This capability to gain visibility and optimise productivity from the factory floor to the extended supply chain is crucial. Every element of the supply chain is being digitally transformed, from information technology/operational technology convergence in the smart factory to enabling always-on service and digital selling. As that happens, it’s become clear that each element plays a crucial role in a connected value chain that spans procurement, manufacturing, warehouse management and delivery processes, as well as reporting and after-sales.
In recent years we’ve had constant reminders of just how quickly and easily supply chains can be disrupted. “Supply chains continue to see major disruptions due to ongoing pressures from geopolitical events, global economic slowdown in addition to a shortage of workers to meet new and existing customer demand,” says Sircar. “In addition, a typical business that operates globally has a complex IT and supply chain technology landscape. Over the years they have acquired multiple systems for engagement, execution, warehouse management and transportation management and demand planning and supply planning. The challenge is that, with data siloed within different functions, businesses are often stuck in reactive mode. Even if their systems are best of breed, siloed data means they’re not able to make proactive decisions to overcome disruptions. Added to this visibility challenge are signals from external trading partners and real-world events whose systems don’t talk to each other, resulting in even larger end-to-end gaps in visibility.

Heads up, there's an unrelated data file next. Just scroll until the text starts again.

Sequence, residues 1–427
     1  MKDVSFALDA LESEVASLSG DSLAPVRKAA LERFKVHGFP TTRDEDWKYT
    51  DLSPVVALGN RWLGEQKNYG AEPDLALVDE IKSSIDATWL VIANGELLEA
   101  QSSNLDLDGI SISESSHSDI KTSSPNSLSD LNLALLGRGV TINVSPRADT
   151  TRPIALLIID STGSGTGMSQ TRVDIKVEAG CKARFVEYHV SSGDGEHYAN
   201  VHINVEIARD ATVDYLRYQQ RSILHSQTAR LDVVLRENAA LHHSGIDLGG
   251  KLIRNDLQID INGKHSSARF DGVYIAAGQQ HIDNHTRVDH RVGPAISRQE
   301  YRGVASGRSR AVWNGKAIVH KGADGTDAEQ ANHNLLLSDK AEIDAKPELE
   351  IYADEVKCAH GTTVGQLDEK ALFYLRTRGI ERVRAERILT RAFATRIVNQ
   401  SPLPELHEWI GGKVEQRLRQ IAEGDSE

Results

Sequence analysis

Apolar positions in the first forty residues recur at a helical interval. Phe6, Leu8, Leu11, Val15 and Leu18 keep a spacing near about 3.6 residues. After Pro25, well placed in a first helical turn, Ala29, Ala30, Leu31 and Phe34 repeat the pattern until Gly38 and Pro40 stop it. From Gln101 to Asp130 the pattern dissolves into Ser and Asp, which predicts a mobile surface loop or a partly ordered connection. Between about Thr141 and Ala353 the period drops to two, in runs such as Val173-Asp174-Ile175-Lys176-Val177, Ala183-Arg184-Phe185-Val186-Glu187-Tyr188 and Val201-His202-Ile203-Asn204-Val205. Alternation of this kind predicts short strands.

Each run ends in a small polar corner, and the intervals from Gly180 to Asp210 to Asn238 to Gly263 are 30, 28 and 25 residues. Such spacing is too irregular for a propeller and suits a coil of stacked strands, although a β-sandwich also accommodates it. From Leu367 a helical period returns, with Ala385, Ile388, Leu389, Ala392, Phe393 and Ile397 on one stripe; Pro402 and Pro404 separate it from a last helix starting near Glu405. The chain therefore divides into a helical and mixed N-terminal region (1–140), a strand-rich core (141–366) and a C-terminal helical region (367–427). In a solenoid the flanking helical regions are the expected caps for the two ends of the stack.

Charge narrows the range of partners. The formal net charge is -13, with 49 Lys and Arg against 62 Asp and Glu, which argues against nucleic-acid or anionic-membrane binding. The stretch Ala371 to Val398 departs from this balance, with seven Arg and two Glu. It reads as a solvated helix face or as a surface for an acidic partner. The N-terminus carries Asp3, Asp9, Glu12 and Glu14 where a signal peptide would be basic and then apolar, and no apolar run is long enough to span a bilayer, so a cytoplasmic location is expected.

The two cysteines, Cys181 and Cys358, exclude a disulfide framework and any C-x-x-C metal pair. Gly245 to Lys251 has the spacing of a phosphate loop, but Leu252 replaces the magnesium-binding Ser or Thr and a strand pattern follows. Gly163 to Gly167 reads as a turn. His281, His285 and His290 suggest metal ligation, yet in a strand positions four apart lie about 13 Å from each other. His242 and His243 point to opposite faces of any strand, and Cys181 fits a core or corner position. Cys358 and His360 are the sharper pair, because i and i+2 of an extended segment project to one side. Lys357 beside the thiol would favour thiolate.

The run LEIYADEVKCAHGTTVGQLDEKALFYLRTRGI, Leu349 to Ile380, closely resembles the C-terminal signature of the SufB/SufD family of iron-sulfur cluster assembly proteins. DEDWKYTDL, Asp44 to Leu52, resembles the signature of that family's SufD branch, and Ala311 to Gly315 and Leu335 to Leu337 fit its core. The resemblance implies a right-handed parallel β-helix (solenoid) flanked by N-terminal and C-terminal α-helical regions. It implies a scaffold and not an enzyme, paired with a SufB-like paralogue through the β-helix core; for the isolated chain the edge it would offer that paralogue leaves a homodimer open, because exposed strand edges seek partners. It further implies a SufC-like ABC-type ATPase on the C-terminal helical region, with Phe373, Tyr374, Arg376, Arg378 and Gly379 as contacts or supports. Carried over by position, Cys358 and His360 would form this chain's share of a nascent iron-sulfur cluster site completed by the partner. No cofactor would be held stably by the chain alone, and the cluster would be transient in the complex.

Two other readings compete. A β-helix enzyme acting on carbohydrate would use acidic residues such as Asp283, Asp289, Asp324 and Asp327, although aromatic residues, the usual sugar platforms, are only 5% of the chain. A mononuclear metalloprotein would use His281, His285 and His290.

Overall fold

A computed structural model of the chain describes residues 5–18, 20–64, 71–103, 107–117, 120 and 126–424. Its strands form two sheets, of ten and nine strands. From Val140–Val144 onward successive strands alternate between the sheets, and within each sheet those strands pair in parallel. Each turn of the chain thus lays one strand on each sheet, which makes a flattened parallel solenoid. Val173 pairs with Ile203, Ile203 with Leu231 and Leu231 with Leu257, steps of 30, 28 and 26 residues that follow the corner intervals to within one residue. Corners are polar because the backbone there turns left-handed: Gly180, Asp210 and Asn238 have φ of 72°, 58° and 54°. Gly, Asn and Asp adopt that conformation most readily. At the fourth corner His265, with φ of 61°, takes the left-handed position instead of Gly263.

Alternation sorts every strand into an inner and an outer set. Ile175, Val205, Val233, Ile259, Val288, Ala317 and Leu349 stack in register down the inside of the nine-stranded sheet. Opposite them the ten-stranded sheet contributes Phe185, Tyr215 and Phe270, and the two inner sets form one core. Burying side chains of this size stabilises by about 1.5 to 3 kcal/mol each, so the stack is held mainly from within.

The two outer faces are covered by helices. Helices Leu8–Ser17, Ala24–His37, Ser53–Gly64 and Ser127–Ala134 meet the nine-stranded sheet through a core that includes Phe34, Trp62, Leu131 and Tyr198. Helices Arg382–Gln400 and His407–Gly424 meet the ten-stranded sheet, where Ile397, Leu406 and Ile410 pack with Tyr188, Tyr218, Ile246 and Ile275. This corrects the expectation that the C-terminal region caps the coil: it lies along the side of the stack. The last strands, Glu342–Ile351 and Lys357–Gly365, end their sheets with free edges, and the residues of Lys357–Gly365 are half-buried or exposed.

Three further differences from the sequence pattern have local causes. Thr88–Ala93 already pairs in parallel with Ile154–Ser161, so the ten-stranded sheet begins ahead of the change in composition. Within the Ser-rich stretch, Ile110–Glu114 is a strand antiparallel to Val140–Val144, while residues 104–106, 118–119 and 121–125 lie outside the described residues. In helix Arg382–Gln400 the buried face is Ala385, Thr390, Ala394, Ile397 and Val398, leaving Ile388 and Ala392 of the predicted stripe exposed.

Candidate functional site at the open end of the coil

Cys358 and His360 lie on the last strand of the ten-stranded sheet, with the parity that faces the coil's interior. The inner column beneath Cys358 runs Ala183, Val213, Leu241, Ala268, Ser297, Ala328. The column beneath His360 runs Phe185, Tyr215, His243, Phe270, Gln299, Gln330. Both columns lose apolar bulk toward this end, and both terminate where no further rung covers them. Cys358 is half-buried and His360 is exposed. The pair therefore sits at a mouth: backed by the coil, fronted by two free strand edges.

“As a result, manufacturing leaders are looking to build agile and sustainable value chains by using intelligent supply chain solutions that can help alleviate some of these stresses.”
Microsoft Dynamics 365 is helping manufacturers to connect the dots – as Swiss manufacturer Jansen illustrates. Situated outside the European Union, but doing significant business in that region, Jansen’s supply chain and cross-border supplier and customer relationships were complex. As a result, the company needed a sophisticated solution to map multiple, independent divisions into one legal entity. It implemented Microsoft Dynamics 365 Finance and Dynamics 365 Supply Chain Management to resolve complex reporting requirements. Additionally, the company digitised the production process with Microsoft Power Apps and Power Automate. This robust ERP solution helps Jansen to tackle today’s major business priorities and positions the company to be ready for tomorrow’s opportunities.